News Menu

IMG 6236

In our last newsletter we informed everyone that we were getting reports that a respiratory condition was going around and we asked everyone to take extra precautions. Now we have had several reports of dogs actually coming down with a cough. We remind everyone regularly that there is always the risk that dogs pass conditions to each other. We probably have the strictest protocols of any animal care facility in the area. We always remind everyone to respect our 14 day rule.

Summer is peak season for canine cough. In previous newsletters and in our blog we have explained where dogs can get it, what the symptoms are, but we find that there is still a lot of confusion around this issue. Dogs get sick by coming in contact with an infected dog or infectious material that a dog left behind, and thereby becoming infectious themselves. This can happen very quickly and the owner is often not aware of what happened. Dogs can shed the condition without showing symptoms. Dogs can becoming infected while with us, but that means that at least one dog picked it up somewhere else and brought it over. There is no way we can totally prevent this. It is a risk that comes with off leash play and that we mention in our service agreement. Young dogs and dogs with compromised immune systems are more likely to get sick. In fact, your young dog probably will get canine cough a couple of times before he is an adult. By then, his immune system will be better at dealing with pathogens that might cause respiratory illness.

The symptoms for canine cough can be confusing to owners. It looks like dog is choking on something, but he actually trying to clear his airways. He is spitting up white phlegm, which looks to people like he is throwing up. When you see this, keep your dog at home. When we notice that a dog has symptoms of canine cough, we will call you to come pick him up. Since we often will not know which pathogen is causing the respiratory condition and since different conditions can be passed on for different periods of time after onset, we ask everyone to wait for 30 days after symptoms have subsided, before you bring him back. Our service agreement has owners declare that their dog has been healthy for the past 30 days on the day they bring their dog to us.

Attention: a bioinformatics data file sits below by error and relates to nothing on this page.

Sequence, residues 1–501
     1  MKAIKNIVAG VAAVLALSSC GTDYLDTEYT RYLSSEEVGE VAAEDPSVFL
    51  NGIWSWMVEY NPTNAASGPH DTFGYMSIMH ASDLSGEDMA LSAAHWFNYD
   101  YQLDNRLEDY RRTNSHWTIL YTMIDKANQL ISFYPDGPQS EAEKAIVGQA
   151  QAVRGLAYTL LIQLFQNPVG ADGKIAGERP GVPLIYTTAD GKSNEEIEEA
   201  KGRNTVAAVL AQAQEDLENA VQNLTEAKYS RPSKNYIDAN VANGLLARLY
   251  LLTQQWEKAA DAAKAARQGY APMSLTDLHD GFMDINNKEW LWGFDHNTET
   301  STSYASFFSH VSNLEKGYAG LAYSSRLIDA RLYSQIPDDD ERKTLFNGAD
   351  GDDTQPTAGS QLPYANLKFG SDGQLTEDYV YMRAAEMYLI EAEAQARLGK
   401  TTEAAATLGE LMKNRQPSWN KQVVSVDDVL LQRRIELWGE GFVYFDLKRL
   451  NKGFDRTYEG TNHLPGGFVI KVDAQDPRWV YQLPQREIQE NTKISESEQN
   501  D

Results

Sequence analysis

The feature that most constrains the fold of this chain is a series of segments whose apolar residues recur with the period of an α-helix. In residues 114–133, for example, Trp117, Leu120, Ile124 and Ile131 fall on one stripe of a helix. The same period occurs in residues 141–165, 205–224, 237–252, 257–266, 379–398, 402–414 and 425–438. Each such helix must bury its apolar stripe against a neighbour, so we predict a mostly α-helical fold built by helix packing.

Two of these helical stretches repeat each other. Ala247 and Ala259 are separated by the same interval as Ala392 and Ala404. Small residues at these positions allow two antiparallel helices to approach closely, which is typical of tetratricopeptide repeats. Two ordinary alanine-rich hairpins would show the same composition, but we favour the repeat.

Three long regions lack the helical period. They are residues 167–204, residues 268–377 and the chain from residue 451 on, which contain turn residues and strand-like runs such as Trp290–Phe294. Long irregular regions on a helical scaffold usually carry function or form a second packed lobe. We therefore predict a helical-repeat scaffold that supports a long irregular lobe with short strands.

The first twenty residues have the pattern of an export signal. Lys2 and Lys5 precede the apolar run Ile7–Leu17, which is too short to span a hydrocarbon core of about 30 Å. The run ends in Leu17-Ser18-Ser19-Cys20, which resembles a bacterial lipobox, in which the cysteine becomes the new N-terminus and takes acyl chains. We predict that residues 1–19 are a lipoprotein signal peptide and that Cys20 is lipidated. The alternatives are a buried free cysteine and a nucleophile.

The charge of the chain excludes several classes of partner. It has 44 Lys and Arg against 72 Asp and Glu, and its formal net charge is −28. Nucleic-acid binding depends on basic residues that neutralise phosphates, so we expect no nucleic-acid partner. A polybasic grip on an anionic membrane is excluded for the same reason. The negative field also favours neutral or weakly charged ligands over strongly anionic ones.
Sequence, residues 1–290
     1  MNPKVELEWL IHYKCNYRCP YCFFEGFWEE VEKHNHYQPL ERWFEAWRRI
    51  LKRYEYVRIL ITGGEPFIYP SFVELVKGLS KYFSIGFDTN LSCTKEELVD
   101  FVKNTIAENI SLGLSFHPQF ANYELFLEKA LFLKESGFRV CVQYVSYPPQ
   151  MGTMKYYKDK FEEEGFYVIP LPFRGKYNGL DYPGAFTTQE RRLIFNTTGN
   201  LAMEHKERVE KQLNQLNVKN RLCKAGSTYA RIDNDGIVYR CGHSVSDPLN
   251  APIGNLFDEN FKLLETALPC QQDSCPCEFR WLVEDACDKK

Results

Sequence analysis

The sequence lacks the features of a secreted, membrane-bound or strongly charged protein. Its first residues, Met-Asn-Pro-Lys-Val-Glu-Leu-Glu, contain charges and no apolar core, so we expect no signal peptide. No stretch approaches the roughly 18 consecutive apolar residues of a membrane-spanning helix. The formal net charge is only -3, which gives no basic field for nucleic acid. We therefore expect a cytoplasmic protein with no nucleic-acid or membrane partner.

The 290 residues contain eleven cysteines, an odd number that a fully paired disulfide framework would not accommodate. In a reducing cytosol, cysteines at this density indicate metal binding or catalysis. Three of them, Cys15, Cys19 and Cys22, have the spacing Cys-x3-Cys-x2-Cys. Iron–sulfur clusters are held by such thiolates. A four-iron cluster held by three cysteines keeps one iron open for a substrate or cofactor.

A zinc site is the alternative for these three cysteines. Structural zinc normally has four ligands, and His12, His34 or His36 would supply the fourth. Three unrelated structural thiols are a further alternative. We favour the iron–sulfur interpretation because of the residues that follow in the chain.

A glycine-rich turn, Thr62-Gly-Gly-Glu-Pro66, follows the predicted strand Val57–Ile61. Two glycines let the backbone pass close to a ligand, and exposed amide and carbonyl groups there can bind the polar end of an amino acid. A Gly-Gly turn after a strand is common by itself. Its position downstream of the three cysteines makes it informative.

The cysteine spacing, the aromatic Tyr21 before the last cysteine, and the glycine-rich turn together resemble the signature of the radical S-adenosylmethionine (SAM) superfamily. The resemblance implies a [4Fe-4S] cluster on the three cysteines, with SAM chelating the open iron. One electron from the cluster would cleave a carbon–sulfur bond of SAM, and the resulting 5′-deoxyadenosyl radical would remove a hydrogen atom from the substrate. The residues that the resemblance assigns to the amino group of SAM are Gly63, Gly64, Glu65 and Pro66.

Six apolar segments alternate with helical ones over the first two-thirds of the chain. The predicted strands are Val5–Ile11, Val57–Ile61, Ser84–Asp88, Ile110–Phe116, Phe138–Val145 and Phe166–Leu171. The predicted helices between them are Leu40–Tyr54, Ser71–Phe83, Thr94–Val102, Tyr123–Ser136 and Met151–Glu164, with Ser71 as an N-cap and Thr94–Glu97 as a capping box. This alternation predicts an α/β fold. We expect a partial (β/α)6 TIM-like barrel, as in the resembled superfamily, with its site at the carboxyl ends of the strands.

There is a great presentation on canine cough, or Canine Infectious Respiratory Disease Complex (CIRDC) on the Facebook page of PACCC, the Professional Animal Care Certification Council. We posted a link on our Facebook page. We ask everyone to take a moment and watch this presentation, so you understand more about this condition, since there are still a lot of misconceptions.

We want everyone to report to us if their dog gets sick, so we can get a picture of what is going on. We will report back what we know. Some people seem hesitant to report this. That is not necessary. We don’t feel defensive about this. We have protocols in place and do everything we can to mitigate the risk, but we cannot eliminate it.

One thing we are investigating is a new nasal vaccine against parainfluenza. What we learned is, that most cases of canine cough are not caused by bordetella, but seem to be caused by parainfluenza or canine influenza, with other pathogens involved. Now for bordetella, there are three ways the vaccine can be administered: oral, through injection, or nasal, with the nasal vaccine offering the highest protection. There is now also a nasal vaccine for parainfluenza. We recommend getting the nasal bordetella vaccine and we will report back on the parainfluenza nasal vaccine.

If you have any questions, please email us at This email address is being protected from spambots. You need JavaScript enabled to view it..

Dirk Broersma